> be interesting in the future.

    My experience with these kinds of injuries is that they take a long time to heal. I slipped on a
    rock while skinny-dipping on a hike more than 12 years ago, and hyperextended my finger. That finger
    is still weak to this day.

    Hope you recover soon, and take care of yourself.

    --
    Warm Regards,

    Claire Petersky
    Please replace earthlink for mouse-potato and .net for .com

    Home of the meditative cyclist:
    http://home.earthlink.net/~cpetersky/Welcome.htm

    Books just wanna be FREE! See what I mean at:
    http://bookcrossing.com/friend/Cpetersky
    My bookshelf: http://www.bookcrossing.com/mybookshelf/Cpetersky

    "To forgive is to set the prisoner free and then discover the prisoner
    was you."
     
  14. H. M. Leary

    H. M. Leary Guest

    In article <[email protected]>,
    [email protected] (Hunrobe) wrote:

    > Sorry to hear that you were doored but glad you seem to be pretty much okay. I have to wonder- did
    > that heavy wool sweater save your life? <g>
    >
    > Regards, Bob Hunt

    Shame on you, Bob.

    You know it only saved his life if he wore it around his head!

    Glad he is alright.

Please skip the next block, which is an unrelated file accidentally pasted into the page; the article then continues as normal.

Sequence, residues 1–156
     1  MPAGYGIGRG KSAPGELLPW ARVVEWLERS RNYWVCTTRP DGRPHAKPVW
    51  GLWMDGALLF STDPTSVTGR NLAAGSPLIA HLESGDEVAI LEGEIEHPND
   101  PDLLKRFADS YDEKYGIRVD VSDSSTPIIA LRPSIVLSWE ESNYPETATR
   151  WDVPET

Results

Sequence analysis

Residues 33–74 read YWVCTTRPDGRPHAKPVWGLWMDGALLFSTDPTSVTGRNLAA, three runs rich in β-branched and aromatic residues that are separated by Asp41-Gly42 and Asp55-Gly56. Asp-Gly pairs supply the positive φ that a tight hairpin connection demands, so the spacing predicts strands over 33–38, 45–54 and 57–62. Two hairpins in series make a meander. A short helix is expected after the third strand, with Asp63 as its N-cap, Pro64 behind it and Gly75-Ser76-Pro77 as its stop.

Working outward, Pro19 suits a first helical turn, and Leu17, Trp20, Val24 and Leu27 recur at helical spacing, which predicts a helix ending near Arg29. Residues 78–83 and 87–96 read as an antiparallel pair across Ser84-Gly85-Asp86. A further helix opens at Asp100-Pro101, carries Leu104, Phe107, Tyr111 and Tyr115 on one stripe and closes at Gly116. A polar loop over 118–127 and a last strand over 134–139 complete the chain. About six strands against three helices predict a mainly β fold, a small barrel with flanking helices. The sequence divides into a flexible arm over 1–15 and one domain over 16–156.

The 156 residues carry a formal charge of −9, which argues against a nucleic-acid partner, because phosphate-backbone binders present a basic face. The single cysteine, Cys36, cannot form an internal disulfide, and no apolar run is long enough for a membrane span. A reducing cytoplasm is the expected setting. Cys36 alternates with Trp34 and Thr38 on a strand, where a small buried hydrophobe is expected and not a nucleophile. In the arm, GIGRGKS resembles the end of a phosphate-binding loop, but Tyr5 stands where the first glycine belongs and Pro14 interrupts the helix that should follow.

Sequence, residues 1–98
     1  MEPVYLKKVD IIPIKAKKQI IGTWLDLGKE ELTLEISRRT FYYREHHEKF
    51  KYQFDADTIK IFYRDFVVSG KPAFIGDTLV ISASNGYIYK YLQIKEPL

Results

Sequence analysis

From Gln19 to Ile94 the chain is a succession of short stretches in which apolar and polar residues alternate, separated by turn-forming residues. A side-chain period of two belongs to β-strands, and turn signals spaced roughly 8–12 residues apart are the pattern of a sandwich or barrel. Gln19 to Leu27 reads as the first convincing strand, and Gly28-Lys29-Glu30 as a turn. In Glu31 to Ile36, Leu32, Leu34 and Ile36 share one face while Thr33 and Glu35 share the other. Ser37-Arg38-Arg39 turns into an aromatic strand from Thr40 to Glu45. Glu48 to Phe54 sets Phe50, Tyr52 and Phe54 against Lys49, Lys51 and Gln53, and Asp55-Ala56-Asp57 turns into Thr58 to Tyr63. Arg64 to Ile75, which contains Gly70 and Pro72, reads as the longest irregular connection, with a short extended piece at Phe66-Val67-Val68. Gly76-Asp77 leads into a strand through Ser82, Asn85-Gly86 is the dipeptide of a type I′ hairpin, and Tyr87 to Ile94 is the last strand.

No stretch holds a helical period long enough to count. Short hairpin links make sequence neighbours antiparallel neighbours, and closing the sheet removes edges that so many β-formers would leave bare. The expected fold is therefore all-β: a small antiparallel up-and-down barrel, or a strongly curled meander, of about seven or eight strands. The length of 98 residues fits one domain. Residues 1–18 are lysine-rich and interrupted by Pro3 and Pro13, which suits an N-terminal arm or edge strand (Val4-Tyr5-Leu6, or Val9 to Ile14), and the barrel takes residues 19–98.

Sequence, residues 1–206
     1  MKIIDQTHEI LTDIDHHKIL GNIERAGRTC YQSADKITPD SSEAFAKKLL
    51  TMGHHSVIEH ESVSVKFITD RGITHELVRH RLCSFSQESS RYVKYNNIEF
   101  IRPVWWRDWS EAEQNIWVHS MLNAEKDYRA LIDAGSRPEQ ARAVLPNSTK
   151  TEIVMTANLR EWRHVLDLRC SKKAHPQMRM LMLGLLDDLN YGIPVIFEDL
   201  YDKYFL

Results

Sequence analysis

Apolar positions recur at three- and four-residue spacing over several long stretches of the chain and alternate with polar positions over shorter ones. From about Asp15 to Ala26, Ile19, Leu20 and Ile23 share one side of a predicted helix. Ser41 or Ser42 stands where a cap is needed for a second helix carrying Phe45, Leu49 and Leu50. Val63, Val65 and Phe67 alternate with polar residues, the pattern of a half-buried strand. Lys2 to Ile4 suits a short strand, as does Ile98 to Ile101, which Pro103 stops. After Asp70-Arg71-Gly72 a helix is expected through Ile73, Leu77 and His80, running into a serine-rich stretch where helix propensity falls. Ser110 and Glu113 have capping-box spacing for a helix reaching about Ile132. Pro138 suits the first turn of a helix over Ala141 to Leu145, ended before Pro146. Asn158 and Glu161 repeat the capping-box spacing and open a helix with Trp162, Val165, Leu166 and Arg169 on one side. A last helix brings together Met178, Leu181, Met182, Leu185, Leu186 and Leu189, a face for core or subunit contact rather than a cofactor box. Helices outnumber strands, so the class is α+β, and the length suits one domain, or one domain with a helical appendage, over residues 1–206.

HAND

    --
    ³Freedom Is a Light for Which Many Have Died in Darkness³

    - Tomb of the unknown - American Revolution
     
  15. [email protected] wrote:

    > Sorry to hear that you were doored but glad you seem to be pretty much okay. I have to wonder- did
    > that heavy wool sweater save your life? <g>

    Are you trying to start another Mandatory Sweater Law debate?

    --
    Benjamin Lewis

    Don't take life so serious, son, it ain't nohow permanent. -- Walt Kelly
     
  16. Austinmn

    Austinmn Guest

    > > ...
    > > That remind of something someone posted a while ago about the order of
    > > the actions take after an accident. Something vaguely like this:
    > >
    > > Minor Accident:
    > > 1) Is the bike okay?
    > > 2) Did anyone see me take that embarassing dive?
    > > 3) Utter Profane Words
    > > 4) Am I okay?
    > >
    > > Moderate Accident:
    > > 1) Am I okay?
    > > 2) What's the license plate #, where are some witnesses?
    > > 3) Utter Profane Words
    > > 4) Is the bike okay?
    >